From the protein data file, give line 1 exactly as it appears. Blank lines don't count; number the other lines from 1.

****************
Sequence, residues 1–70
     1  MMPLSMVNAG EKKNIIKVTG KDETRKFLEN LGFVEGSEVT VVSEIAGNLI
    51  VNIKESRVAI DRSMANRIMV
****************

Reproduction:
Sequence, residues 1–70